We decided in order to make this chair a little more this century I would not replace the skirt.  The swivel rocker base is a medium tone wood and looks great, no need to cover it up. 

Since my clients love pattern and color I decided to give them a little surprise with this fun fabric under the cushion.  You don't see it unless you lift the cushion but it's fun to know it's there.

Other then that I reupholstered the chair just as it was.  I love the squared off edges and button pattern on the back.  It's classic mid century updated with a fresh bold color for a modern couple. 

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Monday, November 24, 2014

Milk Painted Buffet

I have been upholstering like a mad woman.  When I stumbled across this buffet I just had to stop everything and paint it.  My business has changed so much over the past year and upholstery work is what occupies most of my days.  I really enjoy it and am so thankful I can make a living doing something I love but some days I just need to do something different.      

I knew just how I wanted to paint this piece the minute I saw it.  Milk Paint of course.  It is by far my favorite paint to use.  If you've been reading for awhile you have probably heard that one million times now.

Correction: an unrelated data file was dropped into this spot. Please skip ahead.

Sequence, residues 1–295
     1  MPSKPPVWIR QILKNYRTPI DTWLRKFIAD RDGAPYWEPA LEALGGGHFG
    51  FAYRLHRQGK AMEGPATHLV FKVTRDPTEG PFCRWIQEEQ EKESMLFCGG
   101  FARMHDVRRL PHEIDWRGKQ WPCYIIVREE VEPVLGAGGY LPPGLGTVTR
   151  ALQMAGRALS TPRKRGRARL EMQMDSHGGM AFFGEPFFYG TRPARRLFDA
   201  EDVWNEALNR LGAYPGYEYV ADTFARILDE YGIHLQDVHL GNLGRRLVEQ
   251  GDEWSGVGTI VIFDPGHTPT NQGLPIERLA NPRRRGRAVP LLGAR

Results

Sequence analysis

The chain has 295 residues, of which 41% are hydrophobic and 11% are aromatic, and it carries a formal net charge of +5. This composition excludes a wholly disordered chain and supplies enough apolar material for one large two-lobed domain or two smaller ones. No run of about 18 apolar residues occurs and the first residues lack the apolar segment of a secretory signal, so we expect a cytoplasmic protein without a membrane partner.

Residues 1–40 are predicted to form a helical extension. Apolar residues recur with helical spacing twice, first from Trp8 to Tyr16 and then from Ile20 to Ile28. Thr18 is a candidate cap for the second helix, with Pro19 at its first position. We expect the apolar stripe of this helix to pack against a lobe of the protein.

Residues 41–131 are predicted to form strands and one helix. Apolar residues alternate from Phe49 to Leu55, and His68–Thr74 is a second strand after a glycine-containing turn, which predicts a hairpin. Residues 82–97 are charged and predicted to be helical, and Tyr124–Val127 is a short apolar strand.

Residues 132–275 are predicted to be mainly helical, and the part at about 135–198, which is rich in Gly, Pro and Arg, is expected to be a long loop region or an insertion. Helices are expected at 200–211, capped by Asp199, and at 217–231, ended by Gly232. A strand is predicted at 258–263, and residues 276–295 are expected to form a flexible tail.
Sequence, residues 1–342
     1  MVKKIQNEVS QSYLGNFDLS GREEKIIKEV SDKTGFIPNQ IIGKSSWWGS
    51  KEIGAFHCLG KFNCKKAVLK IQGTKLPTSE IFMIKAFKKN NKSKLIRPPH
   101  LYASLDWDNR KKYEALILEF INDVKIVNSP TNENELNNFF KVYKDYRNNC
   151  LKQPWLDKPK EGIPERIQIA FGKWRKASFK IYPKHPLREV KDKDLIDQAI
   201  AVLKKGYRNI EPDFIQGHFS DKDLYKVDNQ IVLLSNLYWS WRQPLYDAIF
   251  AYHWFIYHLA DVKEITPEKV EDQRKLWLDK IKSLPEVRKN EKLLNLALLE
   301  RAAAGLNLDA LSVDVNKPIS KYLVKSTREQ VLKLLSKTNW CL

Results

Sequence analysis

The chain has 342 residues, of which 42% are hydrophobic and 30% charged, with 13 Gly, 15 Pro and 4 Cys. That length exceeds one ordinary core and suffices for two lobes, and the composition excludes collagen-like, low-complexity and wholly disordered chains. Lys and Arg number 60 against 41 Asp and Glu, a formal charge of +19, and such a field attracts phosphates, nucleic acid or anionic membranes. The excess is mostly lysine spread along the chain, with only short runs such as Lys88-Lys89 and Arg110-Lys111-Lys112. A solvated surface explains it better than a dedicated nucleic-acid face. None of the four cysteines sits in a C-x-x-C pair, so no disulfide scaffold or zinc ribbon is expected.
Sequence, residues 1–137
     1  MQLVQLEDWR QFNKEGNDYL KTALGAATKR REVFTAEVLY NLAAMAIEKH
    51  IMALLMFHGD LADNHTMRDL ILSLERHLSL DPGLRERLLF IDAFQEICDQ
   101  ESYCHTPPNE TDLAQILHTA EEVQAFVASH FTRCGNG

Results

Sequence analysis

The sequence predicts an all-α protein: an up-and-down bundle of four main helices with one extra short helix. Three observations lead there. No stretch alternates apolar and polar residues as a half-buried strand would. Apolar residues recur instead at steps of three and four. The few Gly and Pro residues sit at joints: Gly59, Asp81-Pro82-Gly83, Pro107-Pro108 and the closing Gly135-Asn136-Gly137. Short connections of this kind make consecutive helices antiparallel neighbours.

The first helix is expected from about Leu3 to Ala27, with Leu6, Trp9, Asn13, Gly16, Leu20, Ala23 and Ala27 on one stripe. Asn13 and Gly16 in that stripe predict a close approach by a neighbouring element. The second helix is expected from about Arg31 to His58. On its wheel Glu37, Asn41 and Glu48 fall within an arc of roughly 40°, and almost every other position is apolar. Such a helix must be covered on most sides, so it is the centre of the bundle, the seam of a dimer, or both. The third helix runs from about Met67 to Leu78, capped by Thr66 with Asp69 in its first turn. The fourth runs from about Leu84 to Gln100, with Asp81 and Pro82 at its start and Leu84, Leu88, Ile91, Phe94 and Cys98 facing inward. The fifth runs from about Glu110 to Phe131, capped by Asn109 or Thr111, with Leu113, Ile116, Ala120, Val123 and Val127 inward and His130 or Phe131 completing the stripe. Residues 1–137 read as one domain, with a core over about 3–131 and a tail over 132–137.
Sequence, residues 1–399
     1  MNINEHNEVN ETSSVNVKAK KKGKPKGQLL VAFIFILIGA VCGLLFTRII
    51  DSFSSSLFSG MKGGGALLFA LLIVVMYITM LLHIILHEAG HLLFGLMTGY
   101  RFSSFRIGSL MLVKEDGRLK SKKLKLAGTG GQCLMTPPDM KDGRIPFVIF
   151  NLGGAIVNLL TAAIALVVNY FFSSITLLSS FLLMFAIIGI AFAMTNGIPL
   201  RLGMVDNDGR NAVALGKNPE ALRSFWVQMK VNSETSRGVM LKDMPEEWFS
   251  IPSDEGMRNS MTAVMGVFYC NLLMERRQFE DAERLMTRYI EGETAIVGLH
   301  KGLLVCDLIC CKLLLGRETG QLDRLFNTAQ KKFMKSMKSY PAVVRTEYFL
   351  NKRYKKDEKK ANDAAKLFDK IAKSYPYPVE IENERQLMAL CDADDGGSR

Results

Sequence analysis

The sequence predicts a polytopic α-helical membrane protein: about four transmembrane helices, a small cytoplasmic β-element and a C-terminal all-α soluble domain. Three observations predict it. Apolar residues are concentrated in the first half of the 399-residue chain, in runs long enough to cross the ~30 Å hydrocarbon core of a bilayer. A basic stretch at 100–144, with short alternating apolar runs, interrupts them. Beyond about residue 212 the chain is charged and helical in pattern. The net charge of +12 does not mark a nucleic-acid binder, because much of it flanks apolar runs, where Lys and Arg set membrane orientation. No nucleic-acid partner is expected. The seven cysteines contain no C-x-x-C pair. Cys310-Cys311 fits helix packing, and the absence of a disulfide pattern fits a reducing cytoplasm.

The top of the buffet was in perfect condition. The sheen of the finish lent itself well to the rustic paint treatment I did on the base so I left it as it was.  

I used Miss Mustard Seed's Milk Paint in the color grain sack.  The look I was going for was a whitewashed, distressed finish with lots of depth.  To start I applied one coat of shellac to prevent bleed through.  Next I painted two coats of milk paint with bonding agent added.  Without the bonding agent there would have most likely been chipping due to the shellac sealing the old finish.  I did not want chipping.  When using a light color like this only applying two coats will not give you solid coverage.  Those who like a more clean crisp painted look would probably think it looks very bad at this point.  The next step, which is to sand with a medium grit sanding block, changes that. Just sand until it looks good.     

I sealed the paint with Maison Blanche's gray liming wax.  The consistency is very similar to Miss Mustard Seeds Wax and it's very easy to work with. The gray in the wax slightly changed the color of the paint but it's subtle. 

This project was a nice little break from my new norm and I really enjoyed painting it.  I have to give myself permission to drop everything once and awhile when inspiration strikes or else it feels too much like work.   Heaven forbid.  Trust me I don't do it every time inspiration strikes because that would be daily and I would never finish anything. ;)